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Our Love for Hollywood’s Newest Masterpiece “The Hate U Give”

Our Love for Hollywood’s Newest Masterpiece “The Hate U Give”

By Anahi Anaya

The entertainment industry has addressed social injustice in its films for years, including popular moveis such as “To Kill a Mockingbird,” “Crash,” and “The Help”. On Oct. 25, the film industry released its newest tearjerker, a movie about discrimination and an abuse of power still seen today, entitled “The Hate U Give.” Through the repeated acronym “T.H.U.G. L.I.F.E.” which was originally used by Tupac, there is emphasis on its significance for not only the movie but its relevance to the world today.

The film touches on strong subjects like police brutality, racism, and an unfair justice system, making it more than just a casual watch. This is not just seen in the movie, but also in current news, as there have been many occurrences when police have abused their power and called it protocol. One of the most common examples of racism is the stereotypes people experience on a daily basis. This is most strongly seen in the justice system, where people of color rarely win cases; there is clear preference for white people through the excuses made for their crimes.

The film’s main character, Starr Carter, is played by Amandla Stenberg, known for her role in films like “The Hunger Games” and “The Darkest Minds.” Carter’s co-stars include Russell Hornsby, Regina Hall, Algee Smith, KJ Apa, and Common. With such a talented cast and crew, it is no wonder that this movie is such a big hit.

The film is based on a young adult bestselling novel written by Angie Thomas. It offers a point of view on police brutality and racism through the eyes of Starr Carter, a 16-year-old who witnesses the death of her best friend at the hands of a police officer. Starr struggles to find her identity from the beginning of the novel, as she constantly switches between two worlds. In one, she is an inhabitant of a poor, predominantly black neighborhood. In the other, she is a student at a privileged, predominantly white prep school. After witnessing the shooting of her best friend, both worlds collide and Starr must decide what side she is on and what is right.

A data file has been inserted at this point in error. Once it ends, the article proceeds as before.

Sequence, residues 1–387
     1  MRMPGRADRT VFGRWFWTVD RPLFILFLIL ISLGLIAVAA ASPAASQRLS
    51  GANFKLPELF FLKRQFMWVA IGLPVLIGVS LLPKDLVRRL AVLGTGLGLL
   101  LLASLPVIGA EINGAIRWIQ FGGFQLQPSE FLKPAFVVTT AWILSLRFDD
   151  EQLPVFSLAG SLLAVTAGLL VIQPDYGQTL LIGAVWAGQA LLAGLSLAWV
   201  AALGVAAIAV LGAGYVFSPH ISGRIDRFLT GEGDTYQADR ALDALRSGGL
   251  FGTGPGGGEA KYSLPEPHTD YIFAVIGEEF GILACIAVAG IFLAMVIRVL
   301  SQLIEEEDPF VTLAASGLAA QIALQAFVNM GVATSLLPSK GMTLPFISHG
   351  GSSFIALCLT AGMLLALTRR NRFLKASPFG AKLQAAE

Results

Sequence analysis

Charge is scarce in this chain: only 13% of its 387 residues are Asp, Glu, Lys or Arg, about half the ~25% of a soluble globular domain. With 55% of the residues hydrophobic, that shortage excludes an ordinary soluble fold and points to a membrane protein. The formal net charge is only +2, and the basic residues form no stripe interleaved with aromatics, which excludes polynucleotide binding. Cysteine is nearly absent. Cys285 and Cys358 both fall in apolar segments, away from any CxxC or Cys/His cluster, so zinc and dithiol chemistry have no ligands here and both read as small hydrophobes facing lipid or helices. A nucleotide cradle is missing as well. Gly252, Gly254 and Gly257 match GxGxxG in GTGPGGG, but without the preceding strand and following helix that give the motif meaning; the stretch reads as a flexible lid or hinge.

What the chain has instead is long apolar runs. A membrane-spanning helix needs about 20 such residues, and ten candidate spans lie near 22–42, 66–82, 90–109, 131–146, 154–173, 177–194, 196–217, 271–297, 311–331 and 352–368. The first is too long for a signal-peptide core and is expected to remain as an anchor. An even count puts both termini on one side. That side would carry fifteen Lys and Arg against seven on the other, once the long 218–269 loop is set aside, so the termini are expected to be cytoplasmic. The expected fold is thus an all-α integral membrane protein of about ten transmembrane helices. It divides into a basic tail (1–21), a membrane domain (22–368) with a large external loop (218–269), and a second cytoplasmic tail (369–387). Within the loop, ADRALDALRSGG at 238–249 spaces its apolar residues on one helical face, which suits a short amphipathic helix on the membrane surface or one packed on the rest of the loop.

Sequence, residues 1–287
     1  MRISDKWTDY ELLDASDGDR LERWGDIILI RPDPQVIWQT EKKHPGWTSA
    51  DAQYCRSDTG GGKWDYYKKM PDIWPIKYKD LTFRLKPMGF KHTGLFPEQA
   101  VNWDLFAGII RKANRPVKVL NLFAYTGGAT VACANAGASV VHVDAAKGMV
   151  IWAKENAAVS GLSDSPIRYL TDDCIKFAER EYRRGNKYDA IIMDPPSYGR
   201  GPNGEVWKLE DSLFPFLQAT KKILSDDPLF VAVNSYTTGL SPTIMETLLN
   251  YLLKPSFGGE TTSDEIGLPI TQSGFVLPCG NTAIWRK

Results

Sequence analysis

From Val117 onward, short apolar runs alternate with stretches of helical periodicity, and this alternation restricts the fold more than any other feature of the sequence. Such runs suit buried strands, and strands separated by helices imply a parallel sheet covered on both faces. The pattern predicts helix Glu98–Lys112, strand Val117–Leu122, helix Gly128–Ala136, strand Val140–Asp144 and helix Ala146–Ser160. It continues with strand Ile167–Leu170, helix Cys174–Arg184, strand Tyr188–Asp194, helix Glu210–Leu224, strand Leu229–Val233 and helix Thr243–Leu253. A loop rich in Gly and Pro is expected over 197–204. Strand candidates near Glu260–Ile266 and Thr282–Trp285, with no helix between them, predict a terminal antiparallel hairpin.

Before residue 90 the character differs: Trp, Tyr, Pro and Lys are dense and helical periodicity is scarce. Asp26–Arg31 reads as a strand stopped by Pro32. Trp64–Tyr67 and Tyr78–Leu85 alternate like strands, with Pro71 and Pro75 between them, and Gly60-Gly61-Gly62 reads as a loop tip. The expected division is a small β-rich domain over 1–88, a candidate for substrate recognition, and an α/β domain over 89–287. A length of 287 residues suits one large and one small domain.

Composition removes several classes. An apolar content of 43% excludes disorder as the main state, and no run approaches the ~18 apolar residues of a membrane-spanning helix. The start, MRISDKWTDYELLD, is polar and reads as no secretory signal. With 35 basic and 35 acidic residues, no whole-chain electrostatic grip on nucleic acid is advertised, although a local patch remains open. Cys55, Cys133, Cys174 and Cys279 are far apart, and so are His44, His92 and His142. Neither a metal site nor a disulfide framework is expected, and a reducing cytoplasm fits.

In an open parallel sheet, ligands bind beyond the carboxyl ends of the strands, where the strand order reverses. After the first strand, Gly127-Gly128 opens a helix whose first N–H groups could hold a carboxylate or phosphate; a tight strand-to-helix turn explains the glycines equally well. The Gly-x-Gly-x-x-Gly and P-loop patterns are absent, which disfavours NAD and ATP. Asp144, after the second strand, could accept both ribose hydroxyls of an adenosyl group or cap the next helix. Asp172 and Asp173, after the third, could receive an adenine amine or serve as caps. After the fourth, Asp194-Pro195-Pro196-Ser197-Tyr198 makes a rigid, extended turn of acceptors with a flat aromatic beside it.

The plot consists of Starr’s struggles and how the community deals with the injustices of the systematic racism. The film illustrates the difficulty of finding an identity and speaking up for what is right, regardless of age, race, or gender. Although Starr is a black teenage female, she chooses to speak up for Khalil, the black teenager fatally shot by the police officer. This is a difficult yet powerful move because as a young black woman, she is expected to keep quiet or let adults handle difficult situtations. She decides to defy these expectations and fight for justice for Khalil. Though Khalil’s story is fictional, it is a realistic representation of the threats that young men of color face every day.


Starr continuously fights an internal battle on what her definition of justice is and what steps she will take. Because of the differences between her two worlds, she is left with an ultimatum. Starr can either stand for justice and ruin the image she has fought to keep at her school, or she can remain quiet and not take part in the social reform movements that can ultimately change the injustice in her community. In the end, she chooses the latter after experiencing gang violence in her neighborhood, the ignorance of media, and the carelessness of white students at her school. She sees how hate has impacted her family and friends, and how it has done so continuously for generations.


“The Hate U Give” was executed beautifully, regardless of the few key differences between the book and the movie. Many rave about the film’s execution, but many more appreciate how the content of the movie is approached. Audiences everywhere have been affected by the film, leaving theaters moved and in tears. Although the movie itself will likely not make an impact on the current societal injustices, it can bring more awareness to some of the United States’ most pressing social issues, making it a must-see film of the year.


Director: George Tillman Jr.

Screenplay: Audrey Wells

Release Date: October 5, 2018

Rating: PG-13

Starring: Amandla Stenberg, KJ Apa, Russell Hornsby, Regina Hall, Algee Smith, Common

Duration: 2 hours 12 minutes


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